COVID-19 Relief Stimulus Scams .Scammers are calling or emailing individuals claiming to be from the Treasury Department and offering expedited COVID-19 stimulus payments or assistance with obtaining a stimulus payment.

  • You do not need to pay taxes or processing fees in order to obtain the COIVD-19 relief stimulus payment. If you receive a call asking for personal information or for money to obtain a stimulus payment, hang up. Do not provide anyone personal information or send money to anyone in exchange for a stimulus check.

  • Individuals and businesses selling fake cures for COVID-19

    Some websites are offering vaccine kits from WHO or other legitimate sounding agencies, with the only costs being a $4.95 shipping fee. Consumers are asked to enter their credit card information on the website. Be aware, there are currently no legitimate COVID-19 vaccines or cures being distributed.

  • Malicious Websites and Apps

    Malicious websites and apps are circulating which appear to share virus-related information, but then gain access to and lock your electronic devices until a payment is received. Other websites are being designed to look like official sites used to track the spread of COVID-19 and ask you to download software (malware) that will compromise users’ devices and personal information. Only access legitimate websites through their known URLs.

  • Phishing Emails

    Emails and posts promoting awareness and prevention tips and fake information about cases in your neighborhood may actually be cybercriminals trying to trick you into clicking on malicious links. Hackers are also using the outbreak to launch phishing scams through emails posing as official entities like the CDC or WHO, or specific government or health officials. These emails instruct recipients to open attachments and download files containing information on the coronavirus. The files are really malware, which attacks your computer and accesses your personal information.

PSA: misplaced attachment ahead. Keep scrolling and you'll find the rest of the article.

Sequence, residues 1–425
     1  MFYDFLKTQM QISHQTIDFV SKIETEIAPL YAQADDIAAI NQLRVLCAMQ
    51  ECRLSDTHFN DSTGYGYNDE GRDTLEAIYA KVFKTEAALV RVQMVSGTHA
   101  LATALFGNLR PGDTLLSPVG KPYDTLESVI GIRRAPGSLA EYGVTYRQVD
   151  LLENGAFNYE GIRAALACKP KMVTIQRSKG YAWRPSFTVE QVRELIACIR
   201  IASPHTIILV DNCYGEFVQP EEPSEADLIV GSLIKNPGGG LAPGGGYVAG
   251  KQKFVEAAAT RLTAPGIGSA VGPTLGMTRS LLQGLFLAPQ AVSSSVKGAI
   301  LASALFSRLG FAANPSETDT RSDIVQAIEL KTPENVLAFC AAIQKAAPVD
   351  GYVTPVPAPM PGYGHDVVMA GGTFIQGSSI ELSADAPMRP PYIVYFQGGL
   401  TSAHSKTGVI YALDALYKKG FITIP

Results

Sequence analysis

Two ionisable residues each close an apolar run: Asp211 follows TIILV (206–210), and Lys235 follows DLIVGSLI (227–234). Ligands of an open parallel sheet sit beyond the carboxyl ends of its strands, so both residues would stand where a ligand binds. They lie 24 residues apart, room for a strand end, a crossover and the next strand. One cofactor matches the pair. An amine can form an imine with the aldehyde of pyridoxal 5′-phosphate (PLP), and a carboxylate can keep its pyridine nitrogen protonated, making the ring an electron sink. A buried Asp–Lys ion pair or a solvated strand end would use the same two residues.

• Extortion Emails

    Digital scammers are using emails to threaten extortion and infection of the coronavirus if the recipient doesn’t comply with demands. The sender claims to know “every dirty little secret” and demands payment to keep quiet. If you refuse, the scammer threatens to infect you and your family with the coronavirus and disclose all of your secrets.

  • Robocalls and Hoax calls

    Phishing scammers are calling pretending to be a representative from a COVID-19 hotline and asking for personal information like a Social Security number and date of birth. Other fraudulent callers are asking for financial information or payment for COVID-19 test results. No one will call you asking for your information, or asking for payment for test results or vaccines.

    Also, beware of robocalls offering coronavirus-related services, like HVAC duct cleaning to protect from the virus, offering free coronavirus test kits along with other health monitors, or fake cures.

  • Supply scams

    Scammers are creating fake shops, websites, social media accounts, and email addresses claiming to sell medical supplies currently in high demand, such as surgical masks and disinfectant wipes. When consumers attempt to purchase supplies through these channels, fraudsters pocket the money and never provide the promised supplies.

  • Provider scams

    Malicious actors are contacting people by phone and email, pretending to be doctors and hospitals that have treated a friend or relative for COVID-19, and demanding payment for that treatment. Other scammers are pretending to represent the Red Cross and sell COVID-19 test kits door to door. The Red Cross confirmed that it is not instructing victims to visit people in their homes.

    Medical providers are also obtaining patient information for COVID-19 testing and then using that information to fraudulently bill for other tests and procedures.

  • Investment scams

    Scammers are offering online promotions on various platforms, including social media, claiming that the products or services of publicly-traded companies can prevent, detect, or cure COVID-19, and that the stock of these companies will dramatically increase in value as a result. These promotions are often styled as “research reports,” make predictions of a specific “target price,” and relate to microcap stocks, or low-priced stocks, issued by the smallest of companies with limited publicly available information.


If you’ve encountered a phony coronavirus scam, and the U.S. Mail® has been used in any way, we want to help. Please report the crime.

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